--At 1,700c//Star Trek Warp 9.2//1.14005x10^12 mph-- 7.735 days, at the speed of light it'd still take over a week of non-stop light beam speed travel!
Traverse Milky Way Galaxy (our galaxy) 120,000 ly// 705,435,044,782,032,000 miles diameter
--At 35,000 mph-- 2,299,257,015.032 years, this means that if you left about 3 billion years ago you'd arrive in time to see the first single celled organism be born on earth!!!!!!!!!!!!!!!!!!!!!!!!!
--At 150,000 mph-- 536,493,303.51 years, this means that if our ancestors left BEFORE the dinosaur age they'd be just arriving today
--At 35,500,000 mph (9,300 mi/s // 5% light speed)-- 2,266,873.1 years, yes this means millions of years, so if you left 2 1/4 million years ago you'd arrive in time to witness genus Australopithecus become extinct and the rise of proto-humankind
--At 670,616,629.3843951 mph (1c//Light Speed)-- 120,000 years, humans would learn to walk upright and be millennia older than us today in this amount of time
--At 1,700c//Star Trek Warp 9.2//1.14005x10^12 mph-- 70.588 years 87.5% of the average American lifespan (~80 yrs). The average astronaut is not capable of getting his "wings" usually until around mid-40's ot later, so this is obviously a no-go. Sadly, the world average age is only 66.76 years.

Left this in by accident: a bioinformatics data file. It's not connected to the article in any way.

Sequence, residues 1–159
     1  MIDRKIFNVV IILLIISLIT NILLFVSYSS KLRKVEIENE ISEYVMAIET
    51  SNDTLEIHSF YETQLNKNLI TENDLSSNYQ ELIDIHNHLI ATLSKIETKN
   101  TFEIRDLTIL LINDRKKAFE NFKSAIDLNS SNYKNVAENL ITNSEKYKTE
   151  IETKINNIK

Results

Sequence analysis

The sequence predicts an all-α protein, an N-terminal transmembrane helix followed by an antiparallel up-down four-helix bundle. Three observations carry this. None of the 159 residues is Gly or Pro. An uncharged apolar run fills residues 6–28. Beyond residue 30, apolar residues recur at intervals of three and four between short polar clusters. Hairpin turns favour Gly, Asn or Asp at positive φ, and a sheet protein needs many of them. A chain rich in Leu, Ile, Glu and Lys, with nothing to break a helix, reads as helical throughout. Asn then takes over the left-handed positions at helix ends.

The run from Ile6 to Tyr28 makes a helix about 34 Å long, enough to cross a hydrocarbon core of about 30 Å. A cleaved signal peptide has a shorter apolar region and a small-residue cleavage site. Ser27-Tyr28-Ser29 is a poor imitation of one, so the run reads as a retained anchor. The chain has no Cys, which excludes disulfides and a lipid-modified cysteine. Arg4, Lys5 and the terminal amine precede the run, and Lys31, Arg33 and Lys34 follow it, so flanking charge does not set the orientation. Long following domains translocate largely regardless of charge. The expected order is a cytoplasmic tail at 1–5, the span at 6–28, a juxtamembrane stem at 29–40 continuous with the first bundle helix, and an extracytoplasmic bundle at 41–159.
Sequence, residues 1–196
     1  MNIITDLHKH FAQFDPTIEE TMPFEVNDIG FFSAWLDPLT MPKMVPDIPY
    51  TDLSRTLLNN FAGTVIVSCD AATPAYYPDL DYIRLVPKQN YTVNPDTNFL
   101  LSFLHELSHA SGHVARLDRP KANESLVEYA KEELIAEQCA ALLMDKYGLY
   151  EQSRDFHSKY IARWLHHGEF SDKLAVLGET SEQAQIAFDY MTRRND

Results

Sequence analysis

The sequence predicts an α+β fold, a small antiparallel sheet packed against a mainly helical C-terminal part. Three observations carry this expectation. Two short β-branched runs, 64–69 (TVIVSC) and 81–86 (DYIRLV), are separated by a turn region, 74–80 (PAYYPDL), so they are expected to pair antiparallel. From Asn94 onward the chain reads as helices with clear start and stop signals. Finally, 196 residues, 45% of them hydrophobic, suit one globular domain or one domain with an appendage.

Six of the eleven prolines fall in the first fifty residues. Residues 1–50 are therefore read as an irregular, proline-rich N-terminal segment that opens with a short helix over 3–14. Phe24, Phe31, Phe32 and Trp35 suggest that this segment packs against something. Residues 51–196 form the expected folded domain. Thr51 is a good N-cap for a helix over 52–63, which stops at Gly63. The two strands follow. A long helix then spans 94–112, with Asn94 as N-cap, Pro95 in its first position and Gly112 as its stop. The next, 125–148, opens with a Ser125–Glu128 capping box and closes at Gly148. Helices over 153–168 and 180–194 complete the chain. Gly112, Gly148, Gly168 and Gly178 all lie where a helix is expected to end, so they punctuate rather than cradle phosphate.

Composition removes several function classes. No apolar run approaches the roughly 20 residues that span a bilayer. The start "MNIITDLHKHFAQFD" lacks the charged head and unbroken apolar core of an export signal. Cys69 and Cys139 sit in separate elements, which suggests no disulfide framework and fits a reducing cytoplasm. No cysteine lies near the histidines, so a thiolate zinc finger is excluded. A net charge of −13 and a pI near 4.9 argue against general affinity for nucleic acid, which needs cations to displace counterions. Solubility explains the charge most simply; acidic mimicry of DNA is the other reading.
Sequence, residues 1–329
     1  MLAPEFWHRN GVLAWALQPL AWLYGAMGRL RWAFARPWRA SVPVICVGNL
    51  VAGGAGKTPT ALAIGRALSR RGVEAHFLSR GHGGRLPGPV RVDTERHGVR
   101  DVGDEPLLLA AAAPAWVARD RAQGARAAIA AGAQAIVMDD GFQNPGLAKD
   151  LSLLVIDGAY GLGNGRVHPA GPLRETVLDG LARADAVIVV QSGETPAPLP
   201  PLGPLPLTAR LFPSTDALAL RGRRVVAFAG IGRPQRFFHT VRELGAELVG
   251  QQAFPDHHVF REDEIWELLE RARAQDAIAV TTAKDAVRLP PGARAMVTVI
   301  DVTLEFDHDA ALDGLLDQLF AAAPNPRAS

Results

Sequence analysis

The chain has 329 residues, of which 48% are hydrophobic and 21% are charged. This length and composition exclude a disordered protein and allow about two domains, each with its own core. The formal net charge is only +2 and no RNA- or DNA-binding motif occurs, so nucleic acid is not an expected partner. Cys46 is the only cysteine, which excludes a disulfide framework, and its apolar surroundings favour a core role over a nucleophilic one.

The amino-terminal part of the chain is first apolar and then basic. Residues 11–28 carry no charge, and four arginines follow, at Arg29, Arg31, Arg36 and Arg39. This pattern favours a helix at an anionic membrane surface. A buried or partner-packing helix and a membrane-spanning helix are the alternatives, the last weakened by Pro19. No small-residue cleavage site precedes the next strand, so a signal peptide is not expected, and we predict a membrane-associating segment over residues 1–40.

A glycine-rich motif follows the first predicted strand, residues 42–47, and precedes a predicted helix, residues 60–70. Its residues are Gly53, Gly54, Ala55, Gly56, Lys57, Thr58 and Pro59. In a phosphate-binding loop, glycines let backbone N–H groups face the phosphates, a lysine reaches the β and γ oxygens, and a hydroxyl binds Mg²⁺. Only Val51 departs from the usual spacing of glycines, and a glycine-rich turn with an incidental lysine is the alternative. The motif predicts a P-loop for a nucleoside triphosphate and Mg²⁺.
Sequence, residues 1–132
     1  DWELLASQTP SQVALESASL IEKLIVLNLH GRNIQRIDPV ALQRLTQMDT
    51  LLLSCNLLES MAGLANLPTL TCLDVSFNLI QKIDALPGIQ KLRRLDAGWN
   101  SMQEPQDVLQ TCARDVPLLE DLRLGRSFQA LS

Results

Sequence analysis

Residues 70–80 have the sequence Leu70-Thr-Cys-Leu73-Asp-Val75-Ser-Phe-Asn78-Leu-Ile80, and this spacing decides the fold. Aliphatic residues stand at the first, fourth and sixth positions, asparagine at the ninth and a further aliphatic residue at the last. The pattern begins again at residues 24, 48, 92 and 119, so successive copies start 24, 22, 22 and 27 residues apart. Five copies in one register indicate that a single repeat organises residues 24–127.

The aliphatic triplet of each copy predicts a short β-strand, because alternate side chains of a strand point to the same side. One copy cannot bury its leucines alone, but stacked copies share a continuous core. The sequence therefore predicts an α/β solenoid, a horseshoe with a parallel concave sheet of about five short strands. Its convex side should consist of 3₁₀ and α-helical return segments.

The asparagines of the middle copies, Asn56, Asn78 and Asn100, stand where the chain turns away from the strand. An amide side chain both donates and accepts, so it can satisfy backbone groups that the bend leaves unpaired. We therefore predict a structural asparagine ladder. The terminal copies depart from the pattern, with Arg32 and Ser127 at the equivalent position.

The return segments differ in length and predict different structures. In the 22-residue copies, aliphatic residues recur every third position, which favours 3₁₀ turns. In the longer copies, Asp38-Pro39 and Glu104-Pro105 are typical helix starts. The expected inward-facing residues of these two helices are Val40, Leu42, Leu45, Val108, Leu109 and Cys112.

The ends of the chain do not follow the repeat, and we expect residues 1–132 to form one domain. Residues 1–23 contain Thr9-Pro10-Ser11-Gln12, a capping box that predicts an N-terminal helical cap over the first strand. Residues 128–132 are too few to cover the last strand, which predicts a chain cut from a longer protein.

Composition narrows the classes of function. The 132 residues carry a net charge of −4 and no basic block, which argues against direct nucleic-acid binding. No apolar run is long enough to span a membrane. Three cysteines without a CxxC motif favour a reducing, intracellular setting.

Reach Andromeda Galaxy (one of our closest neighbor galaxies) 2,500,000 ly//14,696,563,432,959,000,000 miles away (14.7 quintillion miles)
--At 35,000 mph-- 47,901,187,813.2 years, so if you went on this voyage nearly 50 billion years ago, the earth itself still wouldn't be born for another 33 billion more years once you arrived!!!
--At 150,000 mph-- 11,176,943,823.1 years, humans wouldn't be born for 3+ billion more years
--At 35,500,000 mph (9,300 mi/s // 5% light speed)-- 47,226,523.2 years, Proto-primates became primates in about this amount of time
--At 670,616,629.3843951 mph (1c//Light Speed)-- 2,500,000 years, arrive at the time Australopithecus went extinct
--At 1,700c//Star Trek Warp 9.2//1.14005x10^12 mph-- 1,470.59 years, Romans would be born on Palatine Hill in 751 B.C. and their Empire would fall utterly in less time than this (~1,227 yrs)
I've written a list also detailing planetary prerequisites for humanoid life as well, and the idea of forcibly "terrforming" a planet is zero to none when you do the studying for it.
Star must have a stable habitable zone-- that is, a barrier around the star which allows a planet with sufficient atmospheric pressure within this barrier to form water (and thus, life). A planet must be close enough to benefit from this barrier but far enough away to be at a safe distance (around 93,000,000 miles average distance).
Proper "aging" orbit: Because many stars both move at hundreds of thousands of miles per hour (planets do not!) and because their luminosity increases as they age, these two prime factors must be taken into consideration as well when determining the eligability of a star in a system to support life on a nearby planet and achieving a proper, lasting orbit. Assuming the planet is both capable of supporting water and any life at all (more below), it must have a proper orbit around its sun and properly drift away from the sun as it ages or else the habitable zone will become unstable. This eventual instability would mean that either all life on the planet would be destroyed or that life would be prevented from forming to begin with.